Princeterns Part II

I was looking forward to spending the day with a pair of one-day interns because I find that I always learn something from students. It's one of the reasons I love doing alumni interviews, and why I aim to attend Sun collaborative research events or meetings. Yesterday's goals: expose my interns to a full range of engineering roles and customer types, give them a sense of various career paths, and respect the fact that they'd finished exams in the last 48 hours. Here's a core sampling of the topics covered in and around the Big Apple:

Common thread in customer meetings: Importance of diagnostics, inspection and analysis. I didn't script the customer discussions but each one touched on Dtrace, truss, packet sniffers and the need to analyze networked systems end to end.

What's different in the real world?: My answer to this one has been consistent for more than 20 years, namely the time scale and operational complexity of real-world applications. College projects run for no more than 10-12 weeks, typically completed within 10-12 days. Large-scale software projects run from months to years, in multiple phases, and rather than engineering the whole enchilada you typically have visibility into a small window of code and functionality. One of our customer visits touched on the need to continue to "feel like a startup" and move quickly, even as the company matures and has code aged in years, not weeks. Operational complexity isn't just about putting projects into deployment; it's about making sure the code works for all inputs, not just the ones needed to demonstrate required output. Emphasis on security, reliability, performance and the measurement points to assert those features increases after graduation once code has a life beyond the final exam.

Participation in open source projects could change this. Many of the software lifecycle engineering issues listed above show up if you have even tangential involvement with an open source software project. We (at Sun) have tended to look at our open source efforts at attracting campus developers, and we should be putting equal emphasis on the collaborative development model that inculcates long-term software perspectives.

When and how do you move into management? One thread of this discussion focused on the non-engineering disciplines that develop leadership, including dealing with different styles, cultures and approaches, managing conflict and setting and sharing a vision. The other thread was much more Sun-culture-centric, and was counter to some of the student perceptions of career ladders converging in management layers. Sun's engineering path goes from individual contributor through a "staff" level, typically recognizing the key technical contributors to a product, up to "principal" and "distinguished" levels, for director-sized influence and leadership or public appelation of outstanding engineering output, and finally the "fellow" title given to engineers who have VP-sized roles without VP-sized organizations reporting to them. Bottom line: there are many facets to leadership other than budgets and people management, and it's important to ensure that all of those facets reflect light along different career paths. What I learned from this discussion was that Sun should thinking about recent college graduates for non-engineering roles as well in business development, strategy, and operations, because their perspectives are both valuable and different from our own.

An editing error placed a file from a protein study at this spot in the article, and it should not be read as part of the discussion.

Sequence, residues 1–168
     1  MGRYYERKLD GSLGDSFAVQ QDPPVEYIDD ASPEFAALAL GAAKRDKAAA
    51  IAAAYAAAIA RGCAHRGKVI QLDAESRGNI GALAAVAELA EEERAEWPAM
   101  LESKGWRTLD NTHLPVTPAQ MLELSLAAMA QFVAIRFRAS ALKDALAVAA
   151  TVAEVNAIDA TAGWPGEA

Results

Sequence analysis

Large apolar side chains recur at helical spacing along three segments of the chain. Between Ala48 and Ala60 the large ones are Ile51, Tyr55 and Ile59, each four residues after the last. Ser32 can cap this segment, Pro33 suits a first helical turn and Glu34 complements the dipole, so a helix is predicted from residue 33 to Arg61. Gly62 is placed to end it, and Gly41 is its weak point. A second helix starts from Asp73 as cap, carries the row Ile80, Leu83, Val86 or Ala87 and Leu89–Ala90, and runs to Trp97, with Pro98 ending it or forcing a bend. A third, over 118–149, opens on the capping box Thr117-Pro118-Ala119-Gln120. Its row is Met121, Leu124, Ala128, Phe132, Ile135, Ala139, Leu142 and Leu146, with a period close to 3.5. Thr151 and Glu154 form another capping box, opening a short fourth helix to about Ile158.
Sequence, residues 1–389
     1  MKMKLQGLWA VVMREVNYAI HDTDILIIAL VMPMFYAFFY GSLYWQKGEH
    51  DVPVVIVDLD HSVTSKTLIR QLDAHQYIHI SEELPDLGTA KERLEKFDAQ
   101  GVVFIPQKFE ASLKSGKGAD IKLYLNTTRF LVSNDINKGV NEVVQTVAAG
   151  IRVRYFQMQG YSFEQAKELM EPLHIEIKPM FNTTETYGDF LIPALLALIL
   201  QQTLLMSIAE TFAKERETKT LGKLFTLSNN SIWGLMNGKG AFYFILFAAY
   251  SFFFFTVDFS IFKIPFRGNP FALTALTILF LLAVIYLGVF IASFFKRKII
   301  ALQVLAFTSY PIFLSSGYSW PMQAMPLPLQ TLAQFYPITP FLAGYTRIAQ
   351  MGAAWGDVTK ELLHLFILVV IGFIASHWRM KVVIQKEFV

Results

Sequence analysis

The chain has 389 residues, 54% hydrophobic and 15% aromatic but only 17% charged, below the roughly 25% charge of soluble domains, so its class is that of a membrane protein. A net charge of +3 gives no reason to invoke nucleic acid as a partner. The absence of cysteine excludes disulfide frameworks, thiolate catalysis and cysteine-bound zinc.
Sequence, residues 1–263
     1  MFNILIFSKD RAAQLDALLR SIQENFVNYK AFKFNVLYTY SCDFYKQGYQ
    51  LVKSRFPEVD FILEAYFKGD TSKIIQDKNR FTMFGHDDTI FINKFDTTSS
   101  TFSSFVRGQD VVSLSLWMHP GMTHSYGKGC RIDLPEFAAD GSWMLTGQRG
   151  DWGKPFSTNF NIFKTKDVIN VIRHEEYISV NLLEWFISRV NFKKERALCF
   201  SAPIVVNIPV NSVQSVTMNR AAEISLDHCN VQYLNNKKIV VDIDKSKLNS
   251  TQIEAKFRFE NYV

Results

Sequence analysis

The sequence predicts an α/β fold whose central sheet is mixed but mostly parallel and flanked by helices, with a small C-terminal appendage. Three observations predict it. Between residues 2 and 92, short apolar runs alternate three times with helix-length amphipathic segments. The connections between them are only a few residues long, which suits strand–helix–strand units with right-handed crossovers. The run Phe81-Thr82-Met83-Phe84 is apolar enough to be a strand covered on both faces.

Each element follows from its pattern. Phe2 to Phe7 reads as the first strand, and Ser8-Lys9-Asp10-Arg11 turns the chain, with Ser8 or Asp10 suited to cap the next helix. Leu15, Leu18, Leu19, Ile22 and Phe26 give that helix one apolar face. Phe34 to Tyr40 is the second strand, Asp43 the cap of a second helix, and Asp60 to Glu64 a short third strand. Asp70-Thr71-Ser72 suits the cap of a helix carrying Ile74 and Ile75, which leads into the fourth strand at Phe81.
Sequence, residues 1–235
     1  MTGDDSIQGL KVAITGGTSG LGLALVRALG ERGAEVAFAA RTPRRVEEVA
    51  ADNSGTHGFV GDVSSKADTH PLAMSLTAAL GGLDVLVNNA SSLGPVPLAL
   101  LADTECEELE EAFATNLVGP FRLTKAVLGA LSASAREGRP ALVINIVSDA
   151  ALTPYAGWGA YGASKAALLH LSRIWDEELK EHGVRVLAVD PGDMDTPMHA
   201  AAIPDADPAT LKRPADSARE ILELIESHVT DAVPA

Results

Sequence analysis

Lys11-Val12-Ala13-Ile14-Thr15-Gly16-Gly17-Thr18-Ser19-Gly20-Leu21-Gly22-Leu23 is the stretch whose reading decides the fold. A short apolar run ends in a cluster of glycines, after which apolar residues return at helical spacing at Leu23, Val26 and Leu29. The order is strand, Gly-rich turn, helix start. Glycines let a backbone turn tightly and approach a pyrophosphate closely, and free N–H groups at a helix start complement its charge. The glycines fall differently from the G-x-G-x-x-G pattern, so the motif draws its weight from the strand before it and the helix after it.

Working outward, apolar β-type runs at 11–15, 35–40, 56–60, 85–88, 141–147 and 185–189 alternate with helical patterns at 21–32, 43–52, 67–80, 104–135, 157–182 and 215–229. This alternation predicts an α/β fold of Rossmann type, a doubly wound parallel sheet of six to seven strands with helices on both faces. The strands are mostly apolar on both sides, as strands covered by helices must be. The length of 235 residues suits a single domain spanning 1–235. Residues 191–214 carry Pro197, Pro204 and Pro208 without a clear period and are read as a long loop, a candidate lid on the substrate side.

What are your [student] impressions of Sun? I wasn't ready for this answer -- that we're seen as a software company, particularly in light of the mySQL deal. The bad news is that hardware visibility is linked to visible logos (Princeton has a population of Sun systems, but they're not on desktops); the good news is that increasing our software footprint and distribution mass means that there's greater awareness of what we do as a company. As as a sidebar, both students had incredible knowledge of copyright and DRM issues, due to concerns about file sharing and content downloads. Perhaps Cory Doctorow is right and copyright criminal awareness is pervasive.